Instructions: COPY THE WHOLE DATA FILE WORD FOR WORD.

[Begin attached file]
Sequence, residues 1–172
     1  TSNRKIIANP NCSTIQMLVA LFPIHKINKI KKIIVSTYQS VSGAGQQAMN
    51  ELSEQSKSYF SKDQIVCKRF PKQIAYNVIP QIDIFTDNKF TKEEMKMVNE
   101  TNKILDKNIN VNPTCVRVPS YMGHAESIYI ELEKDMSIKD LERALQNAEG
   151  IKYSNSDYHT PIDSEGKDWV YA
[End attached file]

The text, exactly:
Sequence, residues 1–172
     1  TSNRKIIANP NCSTIQMLVA LFPIHKINKI KKIIVSTYQS VSGAGQQAMN
    51  ELSEQSKSYF SKDQIVCKRF PKQIAYNVIP QIDIFTDNKF TKEEMKMVNE
   101  TNKILDKNIN VNPTCVRVPS YMGHAESIYI ELEKDMSIKD LERALQNAEG
   151  IKYSNSDYHT PIDSEGKDWV YA